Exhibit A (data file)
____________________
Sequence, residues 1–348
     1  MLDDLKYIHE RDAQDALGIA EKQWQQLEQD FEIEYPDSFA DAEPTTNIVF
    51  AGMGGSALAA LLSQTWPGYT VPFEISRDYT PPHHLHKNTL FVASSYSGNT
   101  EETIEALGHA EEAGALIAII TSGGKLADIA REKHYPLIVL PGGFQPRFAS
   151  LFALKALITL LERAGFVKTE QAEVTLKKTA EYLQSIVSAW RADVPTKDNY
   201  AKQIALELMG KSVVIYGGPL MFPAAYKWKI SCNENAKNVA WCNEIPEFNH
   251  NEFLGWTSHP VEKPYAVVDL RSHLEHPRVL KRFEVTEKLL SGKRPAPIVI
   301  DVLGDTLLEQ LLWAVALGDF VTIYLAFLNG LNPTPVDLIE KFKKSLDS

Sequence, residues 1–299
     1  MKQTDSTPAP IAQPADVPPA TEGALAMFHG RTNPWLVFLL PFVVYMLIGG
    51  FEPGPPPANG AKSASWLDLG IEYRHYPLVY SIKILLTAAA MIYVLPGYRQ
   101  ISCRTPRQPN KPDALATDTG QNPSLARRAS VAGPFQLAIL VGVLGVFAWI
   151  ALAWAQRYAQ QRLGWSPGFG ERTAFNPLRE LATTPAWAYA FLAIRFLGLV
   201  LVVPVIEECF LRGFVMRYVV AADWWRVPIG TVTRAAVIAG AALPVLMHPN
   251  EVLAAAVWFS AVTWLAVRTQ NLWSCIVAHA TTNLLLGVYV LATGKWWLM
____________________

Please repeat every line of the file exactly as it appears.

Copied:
Sequence, residues 1–348
     1  MLDDLKYIHE RDAQDALGIA EKQWQQLEQD FEIEYPDSFA DAEPTTNIVF
    51  AGMGGSALAA LLSQTWPGYT VPFEISRDYT PPHHLHKNTL FVASSYSGNT
   101  EETIEALGHA EEAGALIAII TSGGKLADIA REKHYPLIVL PGGFQPRFAS
   151  LFALKALITL LERAGFVKTE QAEVTLKKTA EYLQSIVSAW RADVPTKDNY
   201  AKQIALELMG KSVVIYGGPL MFPAAYKWKI SCNENAKNVA WCNEIPEFNH
   251  NEFLGWTSHP VEKPYAVVDL RSHLEHPRVL KRFEVTEKLL SGKRPAPIVI
   301  DVLGDTLLEQ LLWAVALGDF VTIYLAFLNG LNPTPVDLIE KFKKSLDS

Sequence, residues 1–299
     1  MKQTDSTPAP IAQPADVPPA TEGALAMFHG RTNPWLVFLL PFVVYMLIGG
    51  FEPGPPPANG AKSASWLDLG IEYRHYPLVY SIKILLTAAA MIYVLPGYRQ
   101  ISCRTPRQPN KPDALATDTG QNPSLARRAS VAGPFQLAIL VGVLGVFAWI
   151  ALAWAQRYAQ QRLGWSPGFG ERTAFNPLRE LATTPAWAYA FLAIRFLGLV
   201  LVVPVIEECF LRGFVMRYVV AADWWRVPIG TVTRAAVIAG AALPVLMHPN
   251  EVLAAAVWFS AVTWLAVRTQ NLWSCIVAHA TTNLLLGVYV LATGKWWLM